Martyr or terrorist? Freedom fighter or fanatic? These questions remain controversial 150 years after John Brown’s failed attempt to foment a slave insurrection by seizing the federal arsenal at Harpers Ferry. The course examines the events in Brown’s life and also contextualizes him within the broader cultural, intellectual and economic developments of his era. A variety of interpretations is explored in order to assess Brown’s role in history and his legacy as a symbol in the struggle for freedom and racial equality.
Reconstruction and the Legacy of the American Civil War
An exploration of the various aspects of Reconstruction, including political conflicts over how the defeated South would be treated, the struggle over civil rights for African Americans, an overview of Reconstruction historiography, the contested nature of Civil War memory, and the enduring legacy of this vital yet often overlooked period of our past.
Mark Twain's Civil War
Soldier in the Confederate Army, Connecticut Yankee, friend of U. S. Grant, favorite speaker at Grand Army of the Republic Reunions. Mark Twain called himself "not an American, but THE American." No American author wrote more incisively about race, war, reconstruction, and the American Way. Mr. Clemens fought his own personal civil war against Mark Twain, and lost.
Gone With The Wind
Study of the role of Civil War history and mythology in America's self-understanding and its continuing problem of race. Integrating Civil War Era Studies, Literature, Film Studies, and Political Science, the class seeks to understand the Jim Crow Era, the Civil Rights Movement, and the elections of 2008 and 2016. The class centers on the book and movie, Gone With The Wind, but will view other significant films pertaining to "race and reunion."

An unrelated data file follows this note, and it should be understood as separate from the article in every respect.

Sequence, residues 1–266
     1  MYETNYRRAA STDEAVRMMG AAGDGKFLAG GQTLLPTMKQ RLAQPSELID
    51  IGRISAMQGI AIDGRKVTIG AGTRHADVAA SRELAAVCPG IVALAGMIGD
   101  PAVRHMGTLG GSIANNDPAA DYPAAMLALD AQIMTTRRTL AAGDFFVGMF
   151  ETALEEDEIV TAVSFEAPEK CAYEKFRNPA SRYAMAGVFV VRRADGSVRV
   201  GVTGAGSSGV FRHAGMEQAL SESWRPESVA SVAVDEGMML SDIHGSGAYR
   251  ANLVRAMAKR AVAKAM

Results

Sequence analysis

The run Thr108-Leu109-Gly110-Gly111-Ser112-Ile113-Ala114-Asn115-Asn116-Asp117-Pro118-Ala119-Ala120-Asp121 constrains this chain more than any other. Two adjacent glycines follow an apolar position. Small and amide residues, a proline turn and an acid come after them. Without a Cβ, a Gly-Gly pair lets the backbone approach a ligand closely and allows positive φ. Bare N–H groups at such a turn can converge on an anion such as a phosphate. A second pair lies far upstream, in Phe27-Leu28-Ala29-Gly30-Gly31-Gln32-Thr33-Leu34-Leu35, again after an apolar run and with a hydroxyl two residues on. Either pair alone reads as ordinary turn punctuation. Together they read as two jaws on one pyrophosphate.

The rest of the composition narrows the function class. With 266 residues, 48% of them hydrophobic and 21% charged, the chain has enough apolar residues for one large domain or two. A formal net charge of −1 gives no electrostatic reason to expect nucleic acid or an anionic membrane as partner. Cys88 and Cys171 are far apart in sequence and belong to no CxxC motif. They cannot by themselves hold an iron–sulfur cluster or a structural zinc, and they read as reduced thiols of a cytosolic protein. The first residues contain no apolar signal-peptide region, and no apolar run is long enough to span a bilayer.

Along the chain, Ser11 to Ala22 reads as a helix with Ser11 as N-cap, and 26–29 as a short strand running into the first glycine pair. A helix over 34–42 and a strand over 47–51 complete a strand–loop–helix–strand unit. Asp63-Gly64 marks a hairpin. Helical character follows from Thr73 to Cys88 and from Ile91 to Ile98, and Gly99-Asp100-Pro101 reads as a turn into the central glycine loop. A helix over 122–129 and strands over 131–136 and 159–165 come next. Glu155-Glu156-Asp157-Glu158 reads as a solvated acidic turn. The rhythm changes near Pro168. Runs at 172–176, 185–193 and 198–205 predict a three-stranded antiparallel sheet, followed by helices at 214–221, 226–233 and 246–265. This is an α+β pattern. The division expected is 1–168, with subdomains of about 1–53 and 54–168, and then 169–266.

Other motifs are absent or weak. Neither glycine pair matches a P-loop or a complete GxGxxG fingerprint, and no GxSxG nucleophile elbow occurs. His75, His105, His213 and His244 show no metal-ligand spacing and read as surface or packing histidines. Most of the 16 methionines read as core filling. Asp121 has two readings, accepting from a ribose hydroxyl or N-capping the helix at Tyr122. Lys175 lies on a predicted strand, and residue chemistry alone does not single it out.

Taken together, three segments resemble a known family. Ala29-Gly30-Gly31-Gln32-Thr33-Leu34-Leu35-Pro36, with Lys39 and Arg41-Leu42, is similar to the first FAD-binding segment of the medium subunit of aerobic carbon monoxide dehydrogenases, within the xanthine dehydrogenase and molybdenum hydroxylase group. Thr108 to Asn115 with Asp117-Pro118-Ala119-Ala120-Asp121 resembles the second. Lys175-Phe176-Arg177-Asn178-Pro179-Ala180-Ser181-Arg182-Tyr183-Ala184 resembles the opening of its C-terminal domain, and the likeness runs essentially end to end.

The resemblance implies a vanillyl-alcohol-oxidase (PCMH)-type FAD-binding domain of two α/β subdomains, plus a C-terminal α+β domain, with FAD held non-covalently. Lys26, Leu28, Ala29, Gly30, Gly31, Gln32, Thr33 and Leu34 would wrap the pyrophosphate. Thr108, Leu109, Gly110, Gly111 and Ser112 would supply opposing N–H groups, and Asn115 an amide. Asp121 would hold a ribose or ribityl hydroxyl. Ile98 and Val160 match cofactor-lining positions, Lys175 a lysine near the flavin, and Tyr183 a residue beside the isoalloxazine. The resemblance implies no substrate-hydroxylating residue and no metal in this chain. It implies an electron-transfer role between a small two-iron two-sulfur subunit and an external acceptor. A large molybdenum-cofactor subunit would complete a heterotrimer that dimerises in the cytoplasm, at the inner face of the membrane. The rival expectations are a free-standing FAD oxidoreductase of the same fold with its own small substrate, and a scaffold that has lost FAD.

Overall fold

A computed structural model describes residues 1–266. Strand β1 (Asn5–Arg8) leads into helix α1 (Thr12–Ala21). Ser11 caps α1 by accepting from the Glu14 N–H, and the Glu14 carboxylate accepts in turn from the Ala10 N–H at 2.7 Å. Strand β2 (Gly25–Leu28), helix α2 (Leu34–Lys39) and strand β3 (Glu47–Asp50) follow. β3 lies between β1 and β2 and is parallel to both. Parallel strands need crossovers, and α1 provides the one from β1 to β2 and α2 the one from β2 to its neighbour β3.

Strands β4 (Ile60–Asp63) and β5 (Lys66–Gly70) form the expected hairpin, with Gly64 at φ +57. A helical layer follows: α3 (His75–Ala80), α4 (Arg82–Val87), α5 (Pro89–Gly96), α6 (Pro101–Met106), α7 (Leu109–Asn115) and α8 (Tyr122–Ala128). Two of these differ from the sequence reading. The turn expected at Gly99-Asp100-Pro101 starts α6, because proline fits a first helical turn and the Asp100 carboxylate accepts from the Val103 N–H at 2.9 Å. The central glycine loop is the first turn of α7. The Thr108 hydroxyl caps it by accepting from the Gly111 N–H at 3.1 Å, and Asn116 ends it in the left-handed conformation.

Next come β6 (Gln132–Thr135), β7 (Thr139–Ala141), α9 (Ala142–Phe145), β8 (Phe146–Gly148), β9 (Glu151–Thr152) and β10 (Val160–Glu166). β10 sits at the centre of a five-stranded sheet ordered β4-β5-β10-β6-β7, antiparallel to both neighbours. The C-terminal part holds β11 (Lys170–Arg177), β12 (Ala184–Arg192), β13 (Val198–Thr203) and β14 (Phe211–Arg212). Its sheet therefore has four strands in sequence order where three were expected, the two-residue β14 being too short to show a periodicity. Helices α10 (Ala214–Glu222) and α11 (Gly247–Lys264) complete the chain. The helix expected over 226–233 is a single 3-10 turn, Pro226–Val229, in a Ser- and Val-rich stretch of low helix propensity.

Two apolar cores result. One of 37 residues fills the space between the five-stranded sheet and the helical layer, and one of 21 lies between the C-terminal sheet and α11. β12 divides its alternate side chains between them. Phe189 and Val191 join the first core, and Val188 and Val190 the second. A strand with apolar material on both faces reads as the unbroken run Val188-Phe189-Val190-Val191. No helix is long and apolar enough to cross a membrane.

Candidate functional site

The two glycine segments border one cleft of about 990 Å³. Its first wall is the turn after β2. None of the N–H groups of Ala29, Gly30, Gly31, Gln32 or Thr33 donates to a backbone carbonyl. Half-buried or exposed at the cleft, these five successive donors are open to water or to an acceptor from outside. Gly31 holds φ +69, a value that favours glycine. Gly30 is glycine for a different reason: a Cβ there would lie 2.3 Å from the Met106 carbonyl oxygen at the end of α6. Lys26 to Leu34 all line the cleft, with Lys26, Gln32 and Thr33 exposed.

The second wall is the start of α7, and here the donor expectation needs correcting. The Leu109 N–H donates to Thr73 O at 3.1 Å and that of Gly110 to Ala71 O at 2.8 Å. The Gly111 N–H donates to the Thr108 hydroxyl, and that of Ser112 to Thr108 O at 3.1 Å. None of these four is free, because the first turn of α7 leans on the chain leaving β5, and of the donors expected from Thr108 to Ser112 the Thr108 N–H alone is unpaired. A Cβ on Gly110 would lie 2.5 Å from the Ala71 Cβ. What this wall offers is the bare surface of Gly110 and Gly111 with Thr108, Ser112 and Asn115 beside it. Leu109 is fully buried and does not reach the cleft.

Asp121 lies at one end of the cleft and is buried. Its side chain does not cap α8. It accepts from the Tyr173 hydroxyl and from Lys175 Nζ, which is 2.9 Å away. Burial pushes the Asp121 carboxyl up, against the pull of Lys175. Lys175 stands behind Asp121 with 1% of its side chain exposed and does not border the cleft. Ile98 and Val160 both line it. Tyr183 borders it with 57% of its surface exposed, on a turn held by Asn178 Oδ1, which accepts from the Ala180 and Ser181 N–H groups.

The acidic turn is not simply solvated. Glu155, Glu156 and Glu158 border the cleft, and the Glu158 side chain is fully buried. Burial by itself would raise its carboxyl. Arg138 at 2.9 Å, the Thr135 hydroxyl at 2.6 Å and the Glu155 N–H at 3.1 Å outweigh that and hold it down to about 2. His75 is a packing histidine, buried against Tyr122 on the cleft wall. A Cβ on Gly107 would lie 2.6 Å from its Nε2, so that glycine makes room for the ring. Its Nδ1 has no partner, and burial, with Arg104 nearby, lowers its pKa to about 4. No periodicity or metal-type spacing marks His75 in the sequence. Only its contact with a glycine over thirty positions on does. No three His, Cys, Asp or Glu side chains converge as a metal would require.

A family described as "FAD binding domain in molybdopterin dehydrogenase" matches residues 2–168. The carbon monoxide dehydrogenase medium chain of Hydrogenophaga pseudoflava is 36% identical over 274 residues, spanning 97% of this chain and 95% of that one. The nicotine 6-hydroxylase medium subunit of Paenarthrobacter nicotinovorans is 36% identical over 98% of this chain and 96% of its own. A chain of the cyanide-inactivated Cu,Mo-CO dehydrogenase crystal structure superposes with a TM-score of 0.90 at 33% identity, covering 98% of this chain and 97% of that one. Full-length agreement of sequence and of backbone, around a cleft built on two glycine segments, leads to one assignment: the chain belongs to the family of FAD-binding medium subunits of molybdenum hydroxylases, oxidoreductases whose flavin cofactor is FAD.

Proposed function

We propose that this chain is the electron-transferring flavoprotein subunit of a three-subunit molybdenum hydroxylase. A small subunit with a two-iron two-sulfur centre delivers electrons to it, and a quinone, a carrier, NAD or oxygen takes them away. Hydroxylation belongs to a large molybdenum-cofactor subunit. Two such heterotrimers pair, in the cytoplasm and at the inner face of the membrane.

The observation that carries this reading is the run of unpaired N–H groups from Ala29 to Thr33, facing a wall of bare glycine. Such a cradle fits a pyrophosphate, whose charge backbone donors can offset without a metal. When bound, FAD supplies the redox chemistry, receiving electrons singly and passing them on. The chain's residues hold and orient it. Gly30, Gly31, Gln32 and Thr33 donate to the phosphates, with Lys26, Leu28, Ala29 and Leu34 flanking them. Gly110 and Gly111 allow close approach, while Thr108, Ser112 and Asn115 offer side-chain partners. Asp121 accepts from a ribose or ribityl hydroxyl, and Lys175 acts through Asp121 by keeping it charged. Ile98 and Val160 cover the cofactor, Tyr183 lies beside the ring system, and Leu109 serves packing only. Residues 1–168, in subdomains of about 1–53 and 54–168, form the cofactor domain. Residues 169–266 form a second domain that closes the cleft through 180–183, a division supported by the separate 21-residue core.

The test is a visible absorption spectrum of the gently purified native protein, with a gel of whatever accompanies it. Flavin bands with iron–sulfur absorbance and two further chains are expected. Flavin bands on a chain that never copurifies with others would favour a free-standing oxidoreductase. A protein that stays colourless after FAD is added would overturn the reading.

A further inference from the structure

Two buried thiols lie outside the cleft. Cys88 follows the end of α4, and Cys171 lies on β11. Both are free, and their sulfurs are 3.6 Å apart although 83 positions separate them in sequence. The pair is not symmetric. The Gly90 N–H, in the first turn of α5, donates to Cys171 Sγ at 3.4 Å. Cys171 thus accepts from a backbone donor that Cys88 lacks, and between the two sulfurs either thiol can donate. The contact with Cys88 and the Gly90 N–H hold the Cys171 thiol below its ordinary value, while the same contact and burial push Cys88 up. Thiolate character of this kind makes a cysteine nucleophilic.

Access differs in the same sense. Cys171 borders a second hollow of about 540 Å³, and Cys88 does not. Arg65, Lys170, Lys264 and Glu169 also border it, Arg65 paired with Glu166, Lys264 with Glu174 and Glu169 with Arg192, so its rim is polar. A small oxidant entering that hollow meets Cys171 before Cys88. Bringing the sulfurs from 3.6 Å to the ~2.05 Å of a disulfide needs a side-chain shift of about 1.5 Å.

American Women and the Civil War Era
This course examines the experience of women during the Civil War Era. The principal focus of the course is to understand how mothers, wives and daughters negotiated significant wartime transitions. We will explore how women created and reacted to their shifting social, political, and cultural roles. Arranged thematically and chronologically, this course surveys primary and secondary sources that highlight recent historiographical trends and theoretical frameworks.
The American Civil War in the West
An examination of the Civil War in the West from the Appalachian Mountains to the Mississippi River. The course covers the actions of both the Union and Confederate armies and navies, ethnic minorities, and military technology (especially naval technology). Using primary and secondary materials, students master the historical content as well as develop their research and writing skills.
Interpreting Public Civil War Landscapes
Investigation of modern practices of interpretation using Civil War landscapes. Historic landscapes are vibrant places where history comes to life. Heritage interpretation is the practice of doing just that. This course investigates the history and practice of interpretation, using the Civil War landscapes around Gettysburg as a lens and laboratory. Students will learn the ever-evolving tools of interpretation, discover historical lenses through which to craft public history products and develop interpretive presentations centering on the campus, town and battlefield.